Therefore, due to the factor of globalization, the transformation of the human resource management should be take into consideration (Kapoor, 2011). For Malaysia, the transaction to become the high income country is a big challenge since we have to pursuit on information and knowledge workers. The big challenge for this country is when some of the human capital are not ready with the rapid changes since they have improve their knowledge, skill, ability and talent with the new technology that they are not familiar with and also the are comfortable with the traditional approach. According to Paul and Townsend (1993), the baby boomers are the generation that was assumed resist to change since they are less technologically savvy and less trainable. Besides that, most of them are heading to the retirement so they do not want to pressure themselves by learning the new things or technology. It can clearly be seen that the main problem faced by our country regarding the globalization issue is the attitude of the workers itself when they are not committed to their job and still depend on traditional thinking. Furthermore, the workers usually have lack of commitment in training activities.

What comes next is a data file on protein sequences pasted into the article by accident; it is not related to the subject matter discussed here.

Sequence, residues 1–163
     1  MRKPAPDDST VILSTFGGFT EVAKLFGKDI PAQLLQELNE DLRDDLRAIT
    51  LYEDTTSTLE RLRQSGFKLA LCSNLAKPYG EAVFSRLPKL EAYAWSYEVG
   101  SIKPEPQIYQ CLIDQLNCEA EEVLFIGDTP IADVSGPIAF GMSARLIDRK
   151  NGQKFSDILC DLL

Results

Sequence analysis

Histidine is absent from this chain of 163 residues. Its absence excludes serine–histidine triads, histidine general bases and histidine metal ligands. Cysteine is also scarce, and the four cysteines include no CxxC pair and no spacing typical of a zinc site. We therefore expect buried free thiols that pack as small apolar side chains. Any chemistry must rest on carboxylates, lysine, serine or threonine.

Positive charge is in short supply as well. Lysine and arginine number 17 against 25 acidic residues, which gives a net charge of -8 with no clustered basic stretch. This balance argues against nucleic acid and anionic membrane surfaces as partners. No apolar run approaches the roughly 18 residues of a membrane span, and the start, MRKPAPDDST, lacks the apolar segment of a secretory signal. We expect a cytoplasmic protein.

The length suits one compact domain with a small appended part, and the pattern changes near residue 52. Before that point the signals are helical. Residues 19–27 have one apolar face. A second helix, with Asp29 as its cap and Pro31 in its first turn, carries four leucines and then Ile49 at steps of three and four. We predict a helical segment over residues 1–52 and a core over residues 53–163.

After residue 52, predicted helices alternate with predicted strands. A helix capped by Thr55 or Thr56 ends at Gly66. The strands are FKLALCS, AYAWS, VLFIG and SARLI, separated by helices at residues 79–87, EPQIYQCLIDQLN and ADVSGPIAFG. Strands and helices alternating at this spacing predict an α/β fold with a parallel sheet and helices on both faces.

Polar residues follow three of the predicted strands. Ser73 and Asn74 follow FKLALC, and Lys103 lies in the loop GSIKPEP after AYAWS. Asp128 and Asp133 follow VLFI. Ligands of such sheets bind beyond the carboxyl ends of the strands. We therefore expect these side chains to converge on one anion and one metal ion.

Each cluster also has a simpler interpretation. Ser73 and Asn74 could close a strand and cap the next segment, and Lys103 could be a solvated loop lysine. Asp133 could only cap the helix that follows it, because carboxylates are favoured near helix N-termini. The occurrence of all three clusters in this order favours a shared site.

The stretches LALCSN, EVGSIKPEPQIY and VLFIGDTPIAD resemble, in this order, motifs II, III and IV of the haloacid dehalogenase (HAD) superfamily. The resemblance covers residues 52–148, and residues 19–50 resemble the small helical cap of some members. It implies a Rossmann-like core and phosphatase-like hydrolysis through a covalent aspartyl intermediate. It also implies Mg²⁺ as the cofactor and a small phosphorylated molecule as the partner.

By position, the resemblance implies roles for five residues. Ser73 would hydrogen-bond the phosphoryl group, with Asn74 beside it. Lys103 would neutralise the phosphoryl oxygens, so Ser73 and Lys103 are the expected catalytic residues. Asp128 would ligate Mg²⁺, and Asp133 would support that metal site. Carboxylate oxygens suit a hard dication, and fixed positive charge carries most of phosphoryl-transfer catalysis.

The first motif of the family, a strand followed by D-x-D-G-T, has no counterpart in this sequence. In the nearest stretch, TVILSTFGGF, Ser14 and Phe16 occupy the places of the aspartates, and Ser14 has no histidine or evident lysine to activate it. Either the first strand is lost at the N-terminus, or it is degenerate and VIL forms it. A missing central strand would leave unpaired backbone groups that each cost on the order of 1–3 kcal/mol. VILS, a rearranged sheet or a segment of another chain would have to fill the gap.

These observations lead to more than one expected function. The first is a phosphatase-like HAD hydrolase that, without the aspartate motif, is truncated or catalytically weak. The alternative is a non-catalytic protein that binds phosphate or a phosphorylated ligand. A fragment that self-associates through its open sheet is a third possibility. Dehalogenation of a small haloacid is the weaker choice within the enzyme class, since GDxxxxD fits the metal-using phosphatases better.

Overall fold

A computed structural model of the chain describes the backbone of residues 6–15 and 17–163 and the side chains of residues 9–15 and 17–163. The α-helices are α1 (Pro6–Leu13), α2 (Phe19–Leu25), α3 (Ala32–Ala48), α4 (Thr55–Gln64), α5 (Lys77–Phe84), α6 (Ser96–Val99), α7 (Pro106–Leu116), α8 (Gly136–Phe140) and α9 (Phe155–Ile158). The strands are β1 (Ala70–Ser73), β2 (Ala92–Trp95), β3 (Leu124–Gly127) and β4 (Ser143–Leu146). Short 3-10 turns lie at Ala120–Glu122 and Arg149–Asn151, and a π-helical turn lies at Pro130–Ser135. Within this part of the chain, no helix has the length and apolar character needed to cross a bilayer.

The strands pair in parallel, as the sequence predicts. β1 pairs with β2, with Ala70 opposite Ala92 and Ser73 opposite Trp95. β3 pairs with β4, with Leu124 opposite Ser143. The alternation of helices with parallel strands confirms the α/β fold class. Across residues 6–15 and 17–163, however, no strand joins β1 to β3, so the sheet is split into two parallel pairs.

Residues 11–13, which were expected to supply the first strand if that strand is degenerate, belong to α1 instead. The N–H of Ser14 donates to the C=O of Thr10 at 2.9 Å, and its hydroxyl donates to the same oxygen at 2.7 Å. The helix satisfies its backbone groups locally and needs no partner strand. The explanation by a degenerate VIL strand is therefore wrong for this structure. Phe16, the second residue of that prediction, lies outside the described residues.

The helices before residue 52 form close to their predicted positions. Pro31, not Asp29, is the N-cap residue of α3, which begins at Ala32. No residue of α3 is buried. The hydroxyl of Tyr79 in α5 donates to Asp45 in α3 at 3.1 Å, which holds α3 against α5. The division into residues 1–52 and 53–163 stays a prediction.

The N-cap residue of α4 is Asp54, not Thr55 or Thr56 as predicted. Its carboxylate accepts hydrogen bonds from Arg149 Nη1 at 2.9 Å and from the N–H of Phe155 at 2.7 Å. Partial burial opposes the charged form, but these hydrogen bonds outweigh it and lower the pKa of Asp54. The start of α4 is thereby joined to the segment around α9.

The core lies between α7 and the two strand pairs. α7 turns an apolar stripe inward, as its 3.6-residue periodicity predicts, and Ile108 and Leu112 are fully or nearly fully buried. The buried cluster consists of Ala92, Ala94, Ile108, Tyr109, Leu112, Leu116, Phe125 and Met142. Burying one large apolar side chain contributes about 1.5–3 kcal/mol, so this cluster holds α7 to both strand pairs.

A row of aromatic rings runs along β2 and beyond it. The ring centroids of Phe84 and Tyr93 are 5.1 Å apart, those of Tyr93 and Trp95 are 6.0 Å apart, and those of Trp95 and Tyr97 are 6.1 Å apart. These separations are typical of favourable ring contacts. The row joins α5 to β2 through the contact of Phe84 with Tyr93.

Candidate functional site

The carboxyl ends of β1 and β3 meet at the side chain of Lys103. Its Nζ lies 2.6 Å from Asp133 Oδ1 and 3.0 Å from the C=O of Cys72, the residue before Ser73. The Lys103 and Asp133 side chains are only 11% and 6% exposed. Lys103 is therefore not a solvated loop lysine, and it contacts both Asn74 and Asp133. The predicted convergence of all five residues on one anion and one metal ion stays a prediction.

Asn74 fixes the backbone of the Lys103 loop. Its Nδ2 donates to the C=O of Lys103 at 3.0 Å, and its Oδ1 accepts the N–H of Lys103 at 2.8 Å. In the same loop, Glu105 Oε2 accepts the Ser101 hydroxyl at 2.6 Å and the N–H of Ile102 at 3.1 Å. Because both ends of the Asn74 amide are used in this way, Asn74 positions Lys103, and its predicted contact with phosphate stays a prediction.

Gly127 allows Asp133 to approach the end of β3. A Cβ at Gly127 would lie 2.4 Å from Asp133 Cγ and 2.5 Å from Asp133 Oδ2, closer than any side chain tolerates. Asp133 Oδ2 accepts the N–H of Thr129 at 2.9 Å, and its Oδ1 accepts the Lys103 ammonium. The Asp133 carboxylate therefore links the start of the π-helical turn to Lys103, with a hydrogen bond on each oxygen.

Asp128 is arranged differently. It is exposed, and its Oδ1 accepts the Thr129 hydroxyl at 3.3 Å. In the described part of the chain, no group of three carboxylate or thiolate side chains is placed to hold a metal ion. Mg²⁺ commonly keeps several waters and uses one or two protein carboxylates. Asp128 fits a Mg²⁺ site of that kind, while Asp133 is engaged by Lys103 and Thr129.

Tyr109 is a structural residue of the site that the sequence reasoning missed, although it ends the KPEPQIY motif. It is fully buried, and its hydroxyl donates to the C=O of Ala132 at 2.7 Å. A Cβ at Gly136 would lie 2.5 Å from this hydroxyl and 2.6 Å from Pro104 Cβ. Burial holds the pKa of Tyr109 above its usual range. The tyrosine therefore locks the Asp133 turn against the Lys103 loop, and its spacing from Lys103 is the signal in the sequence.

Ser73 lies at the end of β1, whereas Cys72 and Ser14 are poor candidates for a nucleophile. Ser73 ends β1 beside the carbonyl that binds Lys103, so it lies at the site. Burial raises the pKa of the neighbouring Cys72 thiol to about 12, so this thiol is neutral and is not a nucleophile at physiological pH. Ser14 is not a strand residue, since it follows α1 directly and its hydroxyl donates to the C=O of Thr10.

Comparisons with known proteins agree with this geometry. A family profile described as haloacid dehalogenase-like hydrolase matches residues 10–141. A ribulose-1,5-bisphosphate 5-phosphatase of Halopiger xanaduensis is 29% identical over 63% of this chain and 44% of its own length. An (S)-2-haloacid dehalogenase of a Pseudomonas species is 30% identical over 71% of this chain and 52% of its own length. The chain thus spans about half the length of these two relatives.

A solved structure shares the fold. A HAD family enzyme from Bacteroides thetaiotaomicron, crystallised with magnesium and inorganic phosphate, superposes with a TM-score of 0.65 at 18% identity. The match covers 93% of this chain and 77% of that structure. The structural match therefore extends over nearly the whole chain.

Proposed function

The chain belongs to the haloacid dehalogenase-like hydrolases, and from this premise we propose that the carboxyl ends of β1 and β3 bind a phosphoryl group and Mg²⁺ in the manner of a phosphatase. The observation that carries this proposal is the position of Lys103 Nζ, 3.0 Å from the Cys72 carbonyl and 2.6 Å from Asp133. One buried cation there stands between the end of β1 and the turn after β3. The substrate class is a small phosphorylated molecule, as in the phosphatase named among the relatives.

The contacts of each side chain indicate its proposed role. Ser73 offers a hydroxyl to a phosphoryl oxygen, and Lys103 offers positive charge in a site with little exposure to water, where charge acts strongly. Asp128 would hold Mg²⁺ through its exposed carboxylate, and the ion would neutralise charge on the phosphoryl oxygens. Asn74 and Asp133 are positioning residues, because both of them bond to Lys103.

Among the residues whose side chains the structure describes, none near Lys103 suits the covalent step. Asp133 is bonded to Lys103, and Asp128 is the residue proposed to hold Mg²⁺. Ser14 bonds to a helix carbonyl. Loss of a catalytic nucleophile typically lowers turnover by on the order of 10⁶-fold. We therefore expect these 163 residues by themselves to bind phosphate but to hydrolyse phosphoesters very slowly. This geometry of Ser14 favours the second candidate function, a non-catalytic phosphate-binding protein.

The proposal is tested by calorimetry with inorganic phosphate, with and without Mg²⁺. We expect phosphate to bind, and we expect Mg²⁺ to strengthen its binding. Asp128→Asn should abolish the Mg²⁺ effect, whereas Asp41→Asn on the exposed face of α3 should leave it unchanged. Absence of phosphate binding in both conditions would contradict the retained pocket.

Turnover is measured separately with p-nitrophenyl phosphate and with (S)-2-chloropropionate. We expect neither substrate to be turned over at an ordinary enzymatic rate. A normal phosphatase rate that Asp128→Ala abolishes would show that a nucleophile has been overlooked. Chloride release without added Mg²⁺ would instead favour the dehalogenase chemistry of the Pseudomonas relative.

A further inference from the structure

As we know, the globalization always be linked with the technology advancement therefore, the country need to have strong relationship internationally to increase the transfer of technology with other countries. In this globalization era, more knowledge workers are needed to adapt with the technological advancement. In line with that, the country need to recruit more skillful human capital to increase the productivity however, the challenge faced by our country to become high income country by 2020 is we have shortage of knowledge based workers. Knowledge based workers represent the workers that have skill and competencies to use the technology and accept the continuous learning. According to Saieed (2016), in order for the economy to grow, Malaysia need more skilled workers to increase the value chain to be able to compete globally. This problem likely to happen due to the mismatches, insufficiencies of education system and low participation from women in the workforce. Because of the reasons, Malaysia are now suffers from lack of skilled workers, weak productivity growth, lack of workforce’s creativity and innovation and over dependent on foreign workers which only require low-wage.